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Exploring the Internet nourishes our brains

October 26, 2009

by Mark Ollig

Do you spending endless hours searching and exploring the wealth of information over the Internet?

Your brain may be thanking you.

Some of us might recall reading for hours through the encyclopedia when we were young; “drinking in” the information which seemed to quench our brain’s thirst for knowledge.

I still owe a debt of gratitude to my parents, who brought the World Book Encyclopedia into our home and to the good people who provided the books in the Holy Trinity grade school and high school libraries.

Several scientists at Semel Institute at UCLA recently conducted a study and determined that after one week’s worth of using the Internet, measurable enhanced brain function abilities in middle aged and older adults were realized.

So, for any older folks out there still procrastinating about using the Internet – read on.

“We found that for older people with minimal experience, performing Internet searches for even a relatively short period of time can change brain activity patterns and enhance function,” said Dr. Gary Small, who is the author of this UCLA study.

The scientists said they were able to trigger improvements to key points in the brain which control complex reasoning and decision-making during the study.

Twenty-four older adults between the ages of 55 and 78, volunteered for this study.

As much as your humble columnist would have liked to, he was not able to be one of the volunteers, since he did not meet the minimum age requirement.

I use the Internet constantly, so I have probably maxed out my brain benefits anyway.

Before the UCLA study, 12 of these adults used the Internet daily, and the remainder had very little or no experience using the Internet.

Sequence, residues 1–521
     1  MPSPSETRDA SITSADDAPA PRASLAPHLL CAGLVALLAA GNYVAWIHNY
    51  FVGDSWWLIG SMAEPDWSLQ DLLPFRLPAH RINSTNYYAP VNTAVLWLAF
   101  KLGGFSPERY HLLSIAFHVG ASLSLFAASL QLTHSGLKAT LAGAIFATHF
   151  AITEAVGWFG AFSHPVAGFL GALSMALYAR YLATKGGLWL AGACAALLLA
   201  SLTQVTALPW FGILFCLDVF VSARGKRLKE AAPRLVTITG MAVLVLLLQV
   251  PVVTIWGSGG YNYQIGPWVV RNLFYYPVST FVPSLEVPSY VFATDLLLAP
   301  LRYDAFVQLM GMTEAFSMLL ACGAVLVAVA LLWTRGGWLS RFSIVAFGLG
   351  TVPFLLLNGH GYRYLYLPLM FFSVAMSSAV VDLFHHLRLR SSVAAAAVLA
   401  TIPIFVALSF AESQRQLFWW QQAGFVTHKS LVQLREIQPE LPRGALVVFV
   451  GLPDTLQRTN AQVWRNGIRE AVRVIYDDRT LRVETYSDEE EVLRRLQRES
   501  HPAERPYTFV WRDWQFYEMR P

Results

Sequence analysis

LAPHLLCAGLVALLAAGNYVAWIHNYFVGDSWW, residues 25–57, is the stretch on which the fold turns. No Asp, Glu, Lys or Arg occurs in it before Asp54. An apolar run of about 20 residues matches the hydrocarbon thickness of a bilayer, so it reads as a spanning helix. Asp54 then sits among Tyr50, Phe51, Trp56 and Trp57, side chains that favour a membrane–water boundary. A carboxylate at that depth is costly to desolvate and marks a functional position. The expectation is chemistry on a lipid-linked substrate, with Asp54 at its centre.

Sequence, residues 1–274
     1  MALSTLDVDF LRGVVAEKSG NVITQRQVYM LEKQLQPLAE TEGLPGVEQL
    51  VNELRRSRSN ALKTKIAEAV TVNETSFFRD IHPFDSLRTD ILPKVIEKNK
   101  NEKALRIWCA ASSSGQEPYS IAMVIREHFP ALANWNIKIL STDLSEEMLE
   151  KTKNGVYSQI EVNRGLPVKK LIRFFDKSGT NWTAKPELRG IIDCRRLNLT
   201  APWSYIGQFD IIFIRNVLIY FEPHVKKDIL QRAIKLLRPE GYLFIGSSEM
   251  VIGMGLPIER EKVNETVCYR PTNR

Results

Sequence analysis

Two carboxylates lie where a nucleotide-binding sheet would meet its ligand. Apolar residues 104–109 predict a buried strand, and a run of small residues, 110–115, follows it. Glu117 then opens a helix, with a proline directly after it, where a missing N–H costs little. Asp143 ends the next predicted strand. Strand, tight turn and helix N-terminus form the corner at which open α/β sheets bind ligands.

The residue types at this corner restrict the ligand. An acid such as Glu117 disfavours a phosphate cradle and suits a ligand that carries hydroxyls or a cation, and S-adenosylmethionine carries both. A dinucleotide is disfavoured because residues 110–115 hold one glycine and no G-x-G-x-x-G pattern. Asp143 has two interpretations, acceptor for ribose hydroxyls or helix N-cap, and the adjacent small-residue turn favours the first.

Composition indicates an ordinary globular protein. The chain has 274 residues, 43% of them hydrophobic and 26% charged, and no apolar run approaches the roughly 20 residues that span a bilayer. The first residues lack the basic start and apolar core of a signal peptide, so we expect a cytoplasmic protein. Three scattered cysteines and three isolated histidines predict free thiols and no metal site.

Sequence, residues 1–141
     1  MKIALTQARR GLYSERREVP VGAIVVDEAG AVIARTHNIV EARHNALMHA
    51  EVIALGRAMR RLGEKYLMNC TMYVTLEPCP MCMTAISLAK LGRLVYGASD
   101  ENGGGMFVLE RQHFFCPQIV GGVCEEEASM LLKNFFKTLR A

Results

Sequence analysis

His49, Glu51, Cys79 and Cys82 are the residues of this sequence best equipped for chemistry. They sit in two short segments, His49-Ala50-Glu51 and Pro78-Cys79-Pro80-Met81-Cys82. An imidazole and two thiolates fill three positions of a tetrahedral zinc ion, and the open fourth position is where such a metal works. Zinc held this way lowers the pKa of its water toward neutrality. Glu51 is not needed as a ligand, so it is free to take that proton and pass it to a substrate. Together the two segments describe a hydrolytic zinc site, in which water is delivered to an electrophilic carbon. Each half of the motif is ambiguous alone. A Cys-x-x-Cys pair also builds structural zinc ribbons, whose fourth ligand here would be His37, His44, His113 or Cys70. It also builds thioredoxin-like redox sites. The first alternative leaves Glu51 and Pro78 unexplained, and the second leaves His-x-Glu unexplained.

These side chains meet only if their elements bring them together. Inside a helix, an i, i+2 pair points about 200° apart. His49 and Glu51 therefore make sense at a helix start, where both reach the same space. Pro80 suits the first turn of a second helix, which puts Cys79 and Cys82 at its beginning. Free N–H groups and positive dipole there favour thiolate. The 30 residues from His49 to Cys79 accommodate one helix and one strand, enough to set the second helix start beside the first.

While undergoing magnetic resonance imaging scans which tracked brain activity by measuring blood flow through the brain, the participants performed various searches of information over the Internet.

These initial brain scans were recorded by the UCLA scientists.

After this scan, the folks participating in the study went home and performed Internet searches for one hour a day, for a total of seven days, during a two-week time period.

This volunteer group then received a second brain scan based on the same type of searching task, only with different search topics.

The first brain scan of participants with little Internet experience showed increased brain activity in regions controlling language, reading, memory, and visual abilities.

The second scan, completed after they carried out their Internet searches at home, showed activation of these same regions. This scan also showed improvement in working memory, and also in decision-making areas of the brain.

The results after the Internet use at home showed the volunteers with little to no Internet or online experience displayed brain activation patterns much like the ones found in the group of adults who used the Internet on a daily basis.

“The results suggest that searching online may be a simple form of brain exercise that might be employed to enhance cognition in older adults,” said Teena D Moody, a senior research associate at the Semel Institute at UCLA where this study was conducted.

It seems those countless crossword puzzles (which I consider a form of brain exercise) my grandmother worked on all her life truly made a difference; her mind was razor sharp, even during her last years.

Earlier research by UCLA had discovered online Internet searching resulted in a doubling of the increase in cognitive stimulation of brain activation in older adults with prior Internet experience, compared to those with little Internet experience.

These UCLA recent findings were presented at the annual meeting of the Society for Neuroscience, in Chicago Oct. 19.

The Society for Neuroscience is a nonprofit membership organization consisting of more than 38,000 scientists and physicians who study the human brain and nervous system.

The Society for Neuroscience is also the world’s largest organization dedicated to advancing the understanding of the brain and human nervous system.

It’s web site can be found at: www.sfn.org.

It also has a Facebook page, just enter “Society for Neuroscience” in the Facebook search box.

The UCLA Semel Institute web site is located at www.semel.ucla.edu.

A free Internet online crossword puzzle web site – which yours truly spent some time using – can be found at www.boatloadpuzzles.com/playcrossword.

Be sure to stop by the Web Site of The Week online forum, where that brainy Bits_blogger has been firing his greatly over-used cerebral neurons gathering stimulating information from the Society for Neuroscience.